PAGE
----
Has everyone heard about the two fad endocrine diagnoses making the rounds—Wilson’s syndrome and adrenal fatigue? In the past few months I seem to have been bombarded by patients requesting treatment for this supposedly underdiagnosed thyroid condition, or testing for adrenal fatigue.
Wilson’s syndrome was coined in the 1990s by E. Dennis Wilson, and I thought it had dropped out of sight, but it appears to have made a comeback—particularly from the naturopathic/homeopathic circles and from patients reading some of the popular health books. Adrenal fatigue is a newer term and I wasn’t aware of it until recently (and I now wish I still wasn’t!). It was coined by yet another Dr Wilson, Dr James Wilson (no relation to our editor), who wrote the book Adrenal Fatigue: The 21st Century Stress Syndrome. Neither of these are accepted medical diagnoses, but the number of articles on the Internet and health books on these topics is astounding and are testament to the fact that interest in them probably won’t stop any time soon. Now I cringe when I see a referral to discuss adrenal fatigue or low body temperature.
So, what are these so-called disorders? Wilson’s syndrome encompasses about 60 common and nonspecific symptoms (insomnia, irritability, fatigue, hair loss, unhealthy nails, weight gain, poor memory, depression, a relatively low body temperature, and normal thyroid levels in blood). Dr Wilson claims to have discovered a new type of abnormally low thyroid function that is treated with a special type of thyroid hormone, triiodothyronine-T3. It is often precipitated by excessive stress. If it is treated and the body temperature returns to normal, treatment can often be stopped once the thyroid has reset its thermostat. The diagnosis is made based on an oral temperature below 98.6°F (an average of readings at three different times of day over several days) and symptoms, both of which are imprecise. A study of 143 normal individuals showed body temperature at 8 a.m. averaged 97.6°F, with 50% below 98.6°F and many below 98°F, so what is a normal body temperature? Treatment with T3 can be harmful if not monitored very carefully. There is no good evidence that T3 is any better than placebo in treating these nonspecific symptoms in individuals with normal thyroid function. Treating someone for this syndrome could mask or miss other significant underlying medical problems. I tried to find clear information on the web site for the treatment doses, and found very little concrete information other than that sustained-release T3 is the only way to go (has to be compounded) and incremental increases in the dosage are recommended until the body temperature hits 98.6°F.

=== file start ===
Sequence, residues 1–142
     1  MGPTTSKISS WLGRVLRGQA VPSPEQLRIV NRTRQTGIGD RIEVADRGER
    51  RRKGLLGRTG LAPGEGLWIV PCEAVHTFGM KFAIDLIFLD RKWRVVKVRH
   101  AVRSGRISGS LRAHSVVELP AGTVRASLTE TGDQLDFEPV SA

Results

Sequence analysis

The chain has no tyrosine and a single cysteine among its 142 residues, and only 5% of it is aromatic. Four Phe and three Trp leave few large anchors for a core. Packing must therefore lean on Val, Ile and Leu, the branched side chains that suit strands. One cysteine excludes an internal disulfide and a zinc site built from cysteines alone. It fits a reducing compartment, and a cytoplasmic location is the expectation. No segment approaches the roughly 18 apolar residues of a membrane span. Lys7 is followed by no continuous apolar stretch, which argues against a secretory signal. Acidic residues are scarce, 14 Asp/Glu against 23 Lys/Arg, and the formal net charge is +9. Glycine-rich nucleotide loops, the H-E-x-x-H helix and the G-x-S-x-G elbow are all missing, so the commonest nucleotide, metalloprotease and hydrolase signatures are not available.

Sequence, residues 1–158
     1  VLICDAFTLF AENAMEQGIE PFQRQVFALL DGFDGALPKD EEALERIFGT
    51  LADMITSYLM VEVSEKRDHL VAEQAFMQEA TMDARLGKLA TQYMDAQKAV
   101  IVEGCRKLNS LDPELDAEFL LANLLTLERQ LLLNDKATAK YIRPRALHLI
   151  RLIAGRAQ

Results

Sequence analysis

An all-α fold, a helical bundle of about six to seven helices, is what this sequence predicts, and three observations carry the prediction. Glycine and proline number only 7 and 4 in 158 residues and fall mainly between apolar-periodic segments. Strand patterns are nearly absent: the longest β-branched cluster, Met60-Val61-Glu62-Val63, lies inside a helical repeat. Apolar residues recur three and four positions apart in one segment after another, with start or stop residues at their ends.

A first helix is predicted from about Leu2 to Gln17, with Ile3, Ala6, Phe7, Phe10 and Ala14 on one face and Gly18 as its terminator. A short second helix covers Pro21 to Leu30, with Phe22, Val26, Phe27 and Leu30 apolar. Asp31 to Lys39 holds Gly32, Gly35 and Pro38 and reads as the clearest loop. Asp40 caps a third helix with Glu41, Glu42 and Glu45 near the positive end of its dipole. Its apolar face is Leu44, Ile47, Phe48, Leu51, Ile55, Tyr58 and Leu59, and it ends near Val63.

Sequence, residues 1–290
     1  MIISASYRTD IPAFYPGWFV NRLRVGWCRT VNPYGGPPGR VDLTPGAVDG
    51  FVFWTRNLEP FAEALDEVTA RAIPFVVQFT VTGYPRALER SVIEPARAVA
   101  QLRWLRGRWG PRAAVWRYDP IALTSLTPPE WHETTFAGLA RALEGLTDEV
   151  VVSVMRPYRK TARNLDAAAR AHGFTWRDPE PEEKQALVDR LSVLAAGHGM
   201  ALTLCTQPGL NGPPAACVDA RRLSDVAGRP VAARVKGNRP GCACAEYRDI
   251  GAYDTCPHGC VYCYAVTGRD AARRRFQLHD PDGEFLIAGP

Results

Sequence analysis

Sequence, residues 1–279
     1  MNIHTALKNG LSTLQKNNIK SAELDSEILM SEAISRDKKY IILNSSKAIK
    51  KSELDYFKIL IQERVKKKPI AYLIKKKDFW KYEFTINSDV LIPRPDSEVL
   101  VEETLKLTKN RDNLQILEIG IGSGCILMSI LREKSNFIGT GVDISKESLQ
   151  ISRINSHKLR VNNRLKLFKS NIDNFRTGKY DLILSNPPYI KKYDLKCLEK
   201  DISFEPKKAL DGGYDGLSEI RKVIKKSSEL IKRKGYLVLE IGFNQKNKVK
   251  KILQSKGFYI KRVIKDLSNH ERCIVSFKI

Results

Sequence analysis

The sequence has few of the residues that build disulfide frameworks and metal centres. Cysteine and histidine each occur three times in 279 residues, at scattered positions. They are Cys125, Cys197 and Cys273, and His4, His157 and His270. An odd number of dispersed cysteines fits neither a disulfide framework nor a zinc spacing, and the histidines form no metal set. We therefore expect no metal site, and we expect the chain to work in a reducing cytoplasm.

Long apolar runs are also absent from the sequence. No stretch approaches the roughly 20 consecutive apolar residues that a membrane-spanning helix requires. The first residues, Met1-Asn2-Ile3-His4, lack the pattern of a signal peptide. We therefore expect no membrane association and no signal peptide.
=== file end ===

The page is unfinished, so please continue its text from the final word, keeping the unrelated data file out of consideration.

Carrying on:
I have had a few patients who tried this treatment and never reached the target temperature despite being on doses of T3 that made them biochemically hyperthyroid. In addition to the T3 one could also purchase a lengthy list of vitamin supplements, all of which have fancy names but in essence are just like any other vitamins and can add up to high costs.
What about adrenal fatigue? This is thought to be a mild form of adrenal insufficiency that occurs in individuals who experience severe, persistent emotional or physical stress. The theory purported is that under conditions of chronic stress the adrenals eventually cannot keep up with the production of cortisone required to cope with the stress. This leads to a number of symptoms including fatigue, weakness, body aches, and depression. Again, the standard blood tests aren’t sensitive enough to pick up this deficiency, but the body is; hence the symptoms.
Blood cortisol levels are usually in the normal range, but Dr Wilson explains that they are clearly too low for a patient with adrenal fatigue. What does this mean? I have done formal ACTH stimulation tests on a number of these people (to put the issue to rest) and all of them had robust cortisol responses. Some even reached levels above the upper limit of normal range—probably because they were stressed! The recommended treatment for this condition mainly involves commonsense things to cope with stress—healthy nutritional habits, regular exercise, and of course the expensive vitamin regimen. But the really concerning thing to me is that “in some cases,” supplemental cortisone may be recommended. The doses suggested vary but can be equivalent to 10 to 20 mg hydrocortisone daily. This is completely inappropriate advice for individuals with normal adrenal function and can potentially lead to far more serious consequences.
What do I do in my practice? I spend as much time as I can explaining the science and physiology, but I often end up as frustrated as my patients. I feel as if my explanations are falling on deaf ears, no matter how much time I spend. So I do what I can: present the facts and hope that science will prevail in the end.
1. Wilson J. Adrenal Fatigue: The 21st Century Stress Syndrome. Petaluma, CA: Smart Publications; 2001. 361 pp.
2. Mackowiak PA, Wasserman SS, Levine MM. A critical appraisal of 98.6 degrees F, the upper limit of the normal body temperature, and other legacies of Carl Reinhold August Wunderlich. JAMA. 1992;268:1578-1580.
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